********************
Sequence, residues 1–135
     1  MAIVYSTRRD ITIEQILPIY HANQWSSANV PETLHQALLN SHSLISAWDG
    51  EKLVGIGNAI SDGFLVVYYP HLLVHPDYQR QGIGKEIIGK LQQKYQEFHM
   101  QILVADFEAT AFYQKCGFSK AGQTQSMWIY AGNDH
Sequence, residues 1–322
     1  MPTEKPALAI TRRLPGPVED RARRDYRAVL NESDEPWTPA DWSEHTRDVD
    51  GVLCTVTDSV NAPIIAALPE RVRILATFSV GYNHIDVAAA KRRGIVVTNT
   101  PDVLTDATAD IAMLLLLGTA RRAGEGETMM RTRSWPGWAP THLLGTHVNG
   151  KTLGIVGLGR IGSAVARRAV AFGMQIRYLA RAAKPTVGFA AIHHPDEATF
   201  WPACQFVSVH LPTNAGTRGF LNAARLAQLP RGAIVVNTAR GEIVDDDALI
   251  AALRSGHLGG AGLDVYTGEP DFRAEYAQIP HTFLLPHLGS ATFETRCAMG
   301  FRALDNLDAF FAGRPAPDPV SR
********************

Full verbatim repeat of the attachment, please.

Sequence, residues 1–135
     1  MAIVYSTRRD ITIEQILPIY HANQWSSANV PETLHQALLN SHSLISAWDG
    51  EKLVGIGNAI SDGFLVVYYP HLLVHPDYQR QGIGKEIIGK LQQKYQEFHM
   101  QILVADFEAT AFYQKCGFSK AGQTQSMWIY AGNDH
Sequence, residues 1–322
     1  MPTEKPALAI TRRLPGPVED RARRDYRAVL NESDEPWTPA DWSEHTRDVD
    51  GVLCTVTDSV NAPIIAALPE RVRILATFSV GYNHIDVAAA KRRGIVVTNT
   101  PDVLTDATAD IAMLLLLGTA RRAGEGETMM RTRSWPGWAP THLLGTHVNG
   151  KTLGIVGLGR IGSAVARRAV AFGMQIRYLA RAAKPTVGFA AIHHPDEATF
   201  WPACQFVSVH LPTNAGTRGF LNAARLAQLP RGAIVVNTAR GEIVDDDALI
   251  AALRSGHLGG AGLDVYTGEP DFRAEYAQIP HTFLLPHLGS ATFETRCAMG
   301  FRALDNLDAF FAGRPAPDPV SR